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From the Academy Archives:
This illustration of a wild boar was stumbled upon while looking for another image in the Academy’s oversized collection in the Archives. Little is known about how the image was used, but it came to us from our own Exhibits Department and was meticulously drawn by Michael E. Cole.
The wild boar and the feral pig are considered the same species despite differences in height, weight and skull shape. I designed this illustration to highlight some of these anatomical anomalies. The skull on the left is a wild boar; the one on the right that of a feral pig.
More about Sus scrofa: Wild Boar, Feral Pig
The wild boar is native to Europe, but has been widely introduced as a game animal throughout the world. In North America, it has successfully interbred with escaped feral farm pigs. This has happened so much that most writings simply refer to Sus scrofa under the blanket term Wild Pigs. In California, these wild pigs run amok through open space land and regional parks. Omnivorous opportunists, they wander the landscape vacuuming up vegetation, and just about any other living thing in their path.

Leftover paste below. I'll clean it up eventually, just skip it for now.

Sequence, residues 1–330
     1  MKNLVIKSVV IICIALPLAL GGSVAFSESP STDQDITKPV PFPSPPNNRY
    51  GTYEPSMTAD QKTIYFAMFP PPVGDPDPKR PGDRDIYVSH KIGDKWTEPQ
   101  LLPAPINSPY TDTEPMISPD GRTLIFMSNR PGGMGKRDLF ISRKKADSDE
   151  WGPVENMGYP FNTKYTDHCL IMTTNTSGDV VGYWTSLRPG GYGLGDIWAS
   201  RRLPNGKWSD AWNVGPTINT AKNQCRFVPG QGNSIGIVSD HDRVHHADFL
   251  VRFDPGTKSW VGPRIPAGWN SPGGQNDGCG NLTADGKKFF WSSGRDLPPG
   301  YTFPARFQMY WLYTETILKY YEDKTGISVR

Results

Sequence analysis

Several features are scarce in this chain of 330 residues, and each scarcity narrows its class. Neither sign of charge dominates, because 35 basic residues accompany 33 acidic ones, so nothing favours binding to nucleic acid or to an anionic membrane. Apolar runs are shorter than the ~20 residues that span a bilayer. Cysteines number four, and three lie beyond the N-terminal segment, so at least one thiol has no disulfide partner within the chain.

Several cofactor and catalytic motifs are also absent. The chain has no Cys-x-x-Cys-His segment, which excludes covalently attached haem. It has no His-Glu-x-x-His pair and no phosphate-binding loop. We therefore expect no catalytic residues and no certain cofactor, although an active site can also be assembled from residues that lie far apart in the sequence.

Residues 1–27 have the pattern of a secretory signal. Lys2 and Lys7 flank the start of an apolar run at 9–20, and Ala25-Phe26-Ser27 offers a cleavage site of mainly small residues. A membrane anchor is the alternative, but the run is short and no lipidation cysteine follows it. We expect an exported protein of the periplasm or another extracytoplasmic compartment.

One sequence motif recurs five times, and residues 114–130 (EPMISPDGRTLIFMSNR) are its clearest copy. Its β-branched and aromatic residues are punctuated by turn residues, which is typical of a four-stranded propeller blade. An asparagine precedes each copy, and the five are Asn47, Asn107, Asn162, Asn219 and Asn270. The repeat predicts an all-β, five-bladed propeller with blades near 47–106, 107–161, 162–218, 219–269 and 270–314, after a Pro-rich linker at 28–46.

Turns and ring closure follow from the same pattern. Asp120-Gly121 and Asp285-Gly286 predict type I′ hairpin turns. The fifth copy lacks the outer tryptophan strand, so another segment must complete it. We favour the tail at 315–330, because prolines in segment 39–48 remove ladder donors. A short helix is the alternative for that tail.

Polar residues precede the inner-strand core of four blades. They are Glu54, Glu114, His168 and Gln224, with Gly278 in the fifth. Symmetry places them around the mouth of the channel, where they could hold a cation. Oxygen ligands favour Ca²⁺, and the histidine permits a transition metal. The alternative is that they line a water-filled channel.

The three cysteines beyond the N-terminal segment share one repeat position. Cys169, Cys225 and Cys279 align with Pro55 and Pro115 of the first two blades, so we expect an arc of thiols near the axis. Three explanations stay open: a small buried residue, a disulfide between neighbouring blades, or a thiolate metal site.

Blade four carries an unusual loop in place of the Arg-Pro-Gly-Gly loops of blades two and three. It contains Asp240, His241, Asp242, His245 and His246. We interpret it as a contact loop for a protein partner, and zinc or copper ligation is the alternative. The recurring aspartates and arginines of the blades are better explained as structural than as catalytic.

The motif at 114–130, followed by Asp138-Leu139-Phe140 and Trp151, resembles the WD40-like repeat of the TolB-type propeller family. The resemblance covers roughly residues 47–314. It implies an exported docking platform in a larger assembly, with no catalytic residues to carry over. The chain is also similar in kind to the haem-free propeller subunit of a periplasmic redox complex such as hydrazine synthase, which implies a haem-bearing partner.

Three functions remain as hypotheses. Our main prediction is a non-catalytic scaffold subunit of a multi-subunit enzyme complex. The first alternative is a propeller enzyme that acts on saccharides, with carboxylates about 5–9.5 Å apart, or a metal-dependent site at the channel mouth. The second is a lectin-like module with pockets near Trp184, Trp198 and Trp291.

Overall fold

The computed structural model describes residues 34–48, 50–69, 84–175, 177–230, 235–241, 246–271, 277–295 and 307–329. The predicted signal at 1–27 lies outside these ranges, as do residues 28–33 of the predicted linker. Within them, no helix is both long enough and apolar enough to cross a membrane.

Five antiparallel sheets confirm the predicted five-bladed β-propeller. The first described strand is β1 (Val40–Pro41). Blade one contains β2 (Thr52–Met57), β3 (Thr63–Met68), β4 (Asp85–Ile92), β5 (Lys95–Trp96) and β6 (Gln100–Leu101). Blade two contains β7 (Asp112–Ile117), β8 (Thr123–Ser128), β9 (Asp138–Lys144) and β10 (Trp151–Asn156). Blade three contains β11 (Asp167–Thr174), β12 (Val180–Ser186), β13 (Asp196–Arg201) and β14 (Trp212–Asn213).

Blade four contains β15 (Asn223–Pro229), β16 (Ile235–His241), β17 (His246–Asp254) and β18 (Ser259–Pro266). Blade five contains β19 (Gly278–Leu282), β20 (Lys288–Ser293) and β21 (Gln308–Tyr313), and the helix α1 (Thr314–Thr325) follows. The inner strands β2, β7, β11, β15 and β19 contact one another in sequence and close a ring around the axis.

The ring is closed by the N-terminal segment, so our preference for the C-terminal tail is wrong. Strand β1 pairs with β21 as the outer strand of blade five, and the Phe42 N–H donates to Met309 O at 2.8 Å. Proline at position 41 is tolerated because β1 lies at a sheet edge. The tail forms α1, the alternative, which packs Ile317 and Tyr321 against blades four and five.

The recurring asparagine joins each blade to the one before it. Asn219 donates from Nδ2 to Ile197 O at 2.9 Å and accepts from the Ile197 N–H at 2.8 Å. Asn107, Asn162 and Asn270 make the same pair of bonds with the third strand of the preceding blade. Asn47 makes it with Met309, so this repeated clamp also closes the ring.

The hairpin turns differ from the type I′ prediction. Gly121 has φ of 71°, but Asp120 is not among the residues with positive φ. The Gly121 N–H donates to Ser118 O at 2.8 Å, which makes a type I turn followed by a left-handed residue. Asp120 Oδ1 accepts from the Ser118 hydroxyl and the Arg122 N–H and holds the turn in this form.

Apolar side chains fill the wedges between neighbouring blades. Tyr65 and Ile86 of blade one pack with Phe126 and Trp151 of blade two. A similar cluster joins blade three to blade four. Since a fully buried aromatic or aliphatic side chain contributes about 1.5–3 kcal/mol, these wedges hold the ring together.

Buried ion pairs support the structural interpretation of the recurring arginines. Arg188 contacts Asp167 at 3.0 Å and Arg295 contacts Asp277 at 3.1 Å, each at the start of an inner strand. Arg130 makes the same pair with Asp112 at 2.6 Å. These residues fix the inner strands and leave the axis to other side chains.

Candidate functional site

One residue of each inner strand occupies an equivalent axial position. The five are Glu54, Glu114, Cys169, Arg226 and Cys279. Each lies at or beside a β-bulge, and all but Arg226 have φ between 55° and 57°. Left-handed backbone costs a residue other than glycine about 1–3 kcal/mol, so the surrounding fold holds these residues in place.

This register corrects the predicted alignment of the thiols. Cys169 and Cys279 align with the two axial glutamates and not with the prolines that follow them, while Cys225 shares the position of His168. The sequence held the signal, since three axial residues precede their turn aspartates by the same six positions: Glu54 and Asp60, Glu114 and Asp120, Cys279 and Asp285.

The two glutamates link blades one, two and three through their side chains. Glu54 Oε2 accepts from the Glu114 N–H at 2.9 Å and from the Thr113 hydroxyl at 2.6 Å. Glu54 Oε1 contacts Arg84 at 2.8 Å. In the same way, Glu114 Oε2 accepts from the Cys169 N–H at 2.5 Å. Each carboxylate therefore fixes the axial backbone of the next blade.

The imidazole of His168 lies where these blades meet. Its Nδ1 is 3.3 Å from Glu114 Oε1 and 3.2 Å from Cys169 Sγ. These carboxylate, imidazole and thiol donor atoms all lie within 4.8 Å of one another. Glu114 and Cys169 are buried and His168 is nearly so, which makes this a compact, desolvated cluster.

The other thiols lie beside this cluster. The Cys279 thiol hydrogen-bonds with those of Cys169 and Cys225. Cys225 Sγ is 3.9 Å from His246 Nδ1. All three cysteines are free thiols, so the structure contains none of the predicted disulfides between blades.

The females become sexually mature at 18 months of age, producing 6-10 young per litter, often having more than one litter per year. A large group of females and their recent young are called Sounders. Adults can reach sizes over 750lbs. Males are usually solitary and can sharpen their tusks by rubbing the lowers against the uppers.
Here’s a great article about the infestation of wild pigs in the East Bay Regional Park District :